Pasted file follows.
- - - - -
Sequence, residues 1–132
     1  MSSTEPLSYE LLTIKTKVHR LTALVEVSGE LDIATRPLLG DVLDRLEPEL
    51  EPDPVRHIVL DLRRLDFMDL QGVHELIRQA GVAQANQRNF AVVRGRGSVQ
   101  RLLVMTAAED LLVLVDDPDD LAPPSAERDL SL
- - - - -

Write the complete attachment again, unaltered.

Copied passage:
Sequence, residues 1–132
     1  MSSTEPLSYE LLTIKTKVHR LTALVEVSGE LDIATRPLLG DVLDRLEPEL
    51  EPDPVRHIVL DLRRLDFMDL QGVHELIRQA GVAQANQRNF AVVRGRGSVQ
   101  RLLVMTAAED LLVLVDDPDD LAPPSAERDL SL